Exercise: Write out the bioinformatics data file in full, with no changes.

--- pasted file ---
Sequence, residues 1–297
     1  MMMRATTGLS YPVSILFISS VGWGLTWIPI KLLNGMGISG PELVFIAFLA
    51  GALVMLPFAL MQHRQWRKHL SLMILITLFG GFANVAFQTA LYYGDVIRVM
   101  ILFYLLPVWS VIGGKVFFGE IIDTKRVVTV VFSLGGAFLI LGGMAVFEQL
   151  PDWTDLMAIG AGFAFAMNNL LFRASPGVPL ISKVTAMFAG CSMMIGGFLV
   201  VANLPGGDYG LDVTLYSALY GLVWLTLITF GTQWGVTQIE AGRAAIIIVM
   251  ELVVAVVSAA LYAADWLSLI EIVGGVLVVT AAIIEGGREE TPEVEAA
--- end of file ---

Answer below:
Sequence, residues 1–297
     1  MMMRATTGLS YPVSILFISS VGWGLTWIPI KLLNGMGISG PELVFIAFLA
    51  GALVMLPFAL MQHRQWRKHL SLMILITLFG GFANVAFQTA LYYGDVIRVM
   101  ILFYLLPVWS VIGGKVFFGE IIDTKRVVTV VFSLGGAFLI LGGMAVFEQL
   151  PDWTDLMAIG AGFAFAMNNL LFRASPGVPL ISKVTAMFAG CSMMIGGFLV
   201  VANLPGGDYG LDVTLYSALY GLVWLTLITF GTQWGVTQIE AGRAAIIIVM
   251  ELVVAVVSAA LYAADWLSLI EIVGGVLVVT AAIIEGGREE TPEVEAA